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Arthritis Society Canada is supporting female employees by including menopause in its accommodation policy.

The policy identifies ways in which a menopausal woman might require similar accommodations as a pregnant woman and includes adjusting an employee’s job responsibilities, finding alternate work and taking leave, says Trish Barbato, president and chief executive officer at Arthritis Society Canada. “I see the path of menopause being similar to [pregnancy] in terms of acceptance and inclusion — women being afraid to tell their employer they’re pregnant, afraid of losing their job or not getting a promotion.”

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Like most employers, menopause hasn’t really been on Arthritis Society Canada’s radar, she says, but the organization is beginning to better understand it. She recommends employers make menopause a normal part of the conversation by reviewing their policies to ensure they’re menopause-inclusive and making sure supervisors are informed and educated on how it might affect their employees.

Janet Ko, president and co-founder of the Menopause Foundation of Canada, also urges employers to recognize the importance of support and education around menopause in the workplace. “One thing we want to get across is this shouldn’t be about window dressing. It shouldn’t just be about giving every woman a fan at her desk. There are more than 30 symptoms of menopause and while most people know about the hot flashes, they really don’t understand the other symptoms.”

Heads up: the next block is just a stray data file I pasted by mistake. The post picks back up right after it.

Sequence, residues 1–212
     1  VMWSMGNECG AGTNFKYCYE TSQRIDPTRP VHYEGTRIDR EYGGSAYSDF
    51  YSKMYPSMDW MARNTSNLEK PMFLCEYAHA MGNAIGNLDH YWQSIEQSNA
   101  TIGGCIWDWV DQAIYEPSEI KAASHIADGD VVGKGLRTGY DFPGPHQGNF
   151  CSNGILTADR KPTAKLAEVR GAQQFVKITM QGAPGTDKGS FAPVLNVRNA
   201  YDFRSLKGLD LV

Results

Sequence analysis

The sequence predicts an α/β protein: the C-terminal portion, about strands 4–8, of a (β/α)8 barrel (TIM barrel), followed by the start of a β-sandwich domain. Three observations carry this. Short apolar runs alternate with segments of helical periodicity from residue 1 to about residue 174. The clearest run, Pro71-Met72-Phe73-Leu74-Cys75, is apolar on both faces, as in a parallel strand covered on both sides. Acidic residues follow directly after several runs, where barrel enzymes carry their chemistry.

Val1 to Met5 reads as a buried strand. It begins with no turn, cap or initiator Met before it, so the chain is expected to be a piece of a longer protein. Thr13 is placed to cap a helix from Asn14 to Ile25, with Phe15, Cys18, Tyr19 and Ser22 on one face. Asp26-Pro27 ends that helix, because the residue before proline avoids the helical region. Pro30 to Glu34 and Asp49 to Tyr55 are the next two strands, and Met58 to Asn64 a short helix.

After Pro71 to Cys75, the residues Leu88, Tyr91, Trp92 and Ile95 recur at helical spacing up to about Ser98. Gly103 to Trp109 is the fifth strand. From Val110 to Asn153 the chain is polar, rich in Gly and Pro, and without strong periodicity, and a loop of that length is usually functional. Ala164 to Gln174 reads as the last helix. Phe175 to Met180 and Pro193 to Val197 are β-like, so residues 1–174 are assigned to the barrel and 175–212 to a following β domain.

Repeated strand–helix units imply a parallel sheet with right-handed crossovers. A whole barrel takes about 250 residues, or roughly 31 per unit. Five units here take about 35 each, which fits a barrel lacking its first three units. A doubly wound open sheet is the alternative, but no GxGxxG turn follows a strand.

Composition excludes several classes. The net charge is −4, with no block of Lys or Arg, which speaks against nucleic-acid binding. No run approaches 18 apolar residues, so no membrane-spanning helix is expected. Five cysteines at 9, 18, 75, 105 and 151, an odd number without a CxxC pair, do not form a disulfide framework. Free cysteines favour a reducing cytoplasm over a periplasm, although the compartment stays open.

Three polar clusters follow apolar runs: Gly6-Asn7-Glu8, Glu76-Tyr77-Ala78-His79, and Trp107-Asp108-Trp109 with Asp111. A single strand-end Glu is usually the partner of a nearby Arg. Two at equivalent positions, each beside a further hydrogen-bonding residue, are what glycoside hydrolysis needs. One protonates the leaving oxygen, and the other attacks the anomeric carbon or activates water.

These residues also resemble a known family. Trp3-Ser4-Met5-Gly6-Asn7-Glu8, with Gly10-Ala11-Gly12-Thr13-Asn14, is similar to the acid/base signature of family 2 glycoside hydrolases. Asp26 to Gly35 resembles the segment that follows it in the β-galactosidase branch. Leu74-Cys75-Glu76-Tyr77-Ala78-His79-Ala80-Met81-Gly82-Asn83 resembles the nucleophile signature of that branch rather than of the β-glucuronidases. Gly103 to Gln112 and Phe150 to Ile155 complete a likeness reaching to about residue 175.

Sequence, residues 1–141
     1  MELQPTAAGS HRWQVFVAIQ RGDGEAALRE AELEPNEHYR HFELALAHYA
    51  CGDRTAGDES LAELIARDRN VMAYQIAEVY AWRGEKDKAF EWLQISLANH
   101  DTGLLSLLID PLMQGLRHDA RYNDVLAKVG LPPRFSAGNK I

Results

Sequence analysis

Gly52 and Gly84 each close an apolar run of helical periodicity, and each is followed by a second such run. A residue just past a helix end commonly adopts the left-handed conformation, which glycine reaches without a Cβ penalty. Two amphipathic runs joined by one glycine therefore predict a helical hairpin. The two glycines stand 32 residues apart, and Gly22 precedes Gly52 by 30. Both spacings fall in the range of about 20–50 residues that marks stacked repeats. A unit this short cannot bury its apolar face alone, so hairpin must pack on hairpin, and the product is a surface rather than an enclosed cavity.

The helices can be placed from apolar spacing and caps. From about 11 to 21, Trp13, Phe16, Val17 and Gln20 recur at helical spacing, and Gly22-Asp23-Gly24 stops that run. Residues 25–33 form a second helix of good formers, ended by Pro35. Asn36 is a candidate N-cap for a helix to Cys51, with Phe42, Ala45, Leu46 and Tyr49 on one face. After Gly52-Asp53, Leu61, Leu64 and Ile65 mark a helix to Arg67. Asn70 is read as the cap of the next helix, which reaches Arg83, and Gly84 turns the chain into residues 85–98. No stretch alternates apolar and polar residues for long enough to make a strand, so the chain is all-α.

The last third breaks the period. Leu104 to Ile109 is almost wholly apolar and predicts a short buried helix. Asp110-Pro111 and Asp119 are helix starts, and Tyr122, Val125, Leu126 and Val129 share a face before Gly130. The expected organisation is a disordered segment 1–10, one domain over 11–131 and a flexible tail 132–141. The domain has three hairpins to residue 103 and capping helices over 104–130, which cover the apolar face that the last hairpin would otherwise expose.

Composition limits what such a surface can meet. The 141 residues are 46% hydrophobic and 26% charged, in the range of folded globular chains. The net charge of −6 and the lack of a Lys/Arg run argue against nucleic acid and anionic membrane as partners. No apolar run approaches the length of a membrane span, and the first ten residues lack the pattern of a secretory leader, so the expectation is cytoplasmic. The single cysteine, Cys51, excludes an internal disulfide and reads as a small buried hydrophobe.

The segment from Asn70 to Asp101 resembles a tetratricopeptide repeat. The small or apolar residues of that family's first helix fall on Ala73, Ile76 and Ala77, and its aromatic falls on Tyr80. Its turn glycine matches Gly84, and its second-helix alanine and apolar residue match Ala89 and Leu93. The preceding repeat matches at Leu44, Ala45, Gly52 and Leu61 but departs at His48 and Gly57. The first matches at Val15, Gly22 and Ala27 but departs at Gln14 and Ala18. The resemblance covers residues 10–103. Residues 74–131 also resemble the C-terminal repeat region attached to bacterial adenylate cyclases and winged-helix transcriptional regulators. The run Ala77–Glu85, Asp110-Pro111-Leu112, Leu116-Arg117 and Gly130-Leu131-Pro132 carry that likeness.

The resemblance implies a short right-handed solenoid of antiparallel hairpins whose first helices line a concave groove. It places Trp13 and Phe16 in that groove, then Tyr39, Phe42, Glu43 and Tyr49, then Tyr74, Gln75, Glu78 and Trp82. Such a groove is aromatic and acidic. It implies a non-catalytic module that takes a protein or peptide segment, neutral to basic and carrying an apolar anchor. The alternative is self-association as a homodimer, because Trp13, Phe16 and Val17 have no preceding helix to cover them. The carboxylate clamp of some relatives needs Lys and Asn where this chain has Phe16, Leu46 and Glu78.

According to a new survey by the Menopause Foundation of Canada, three-quarters of female employees sad they feel their employer isn’t supportive or don’t know if they have workplace support for menopause.

“There are 10 million women over the age of 40 in Canada . . . and their health-care and societal needs related to menopause have largely been overlooked,” says Ko. “So it’s time to break the silence and the stigma and that’s what we intend to do with the launch of this important data.”

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The survey also found a third of working women worried they might be perceived as weak, old or past their prime in relation to menopause.

“Employers can help normalize the conversation so women don’t feel like if they say something it will make them appear weak or that they can’t be counted on to be promoted,” says Barbato. “It’s already hard enough for women at this age to be successful, so we want to try and remove barriers, not add them.”

Ko believes menopause is the missing link as to why more women aren’t breaking through the proverbial glass ceiling. “Menopause can hit in the prime of a woman’s life and, for working women, it usually hits when they’ve taken on more senior roles. They’re incredibly valuable to the organization, so it behooves employers to not ignore menopause as they look to promote women to break through that glass ceiling.

“Menopause needs to have a moment in the workplace and now is the time.”

Read: Women in Canada’s benefits, pension industries discuss gender equity, reversing pandemic-fueled ‘she-cession’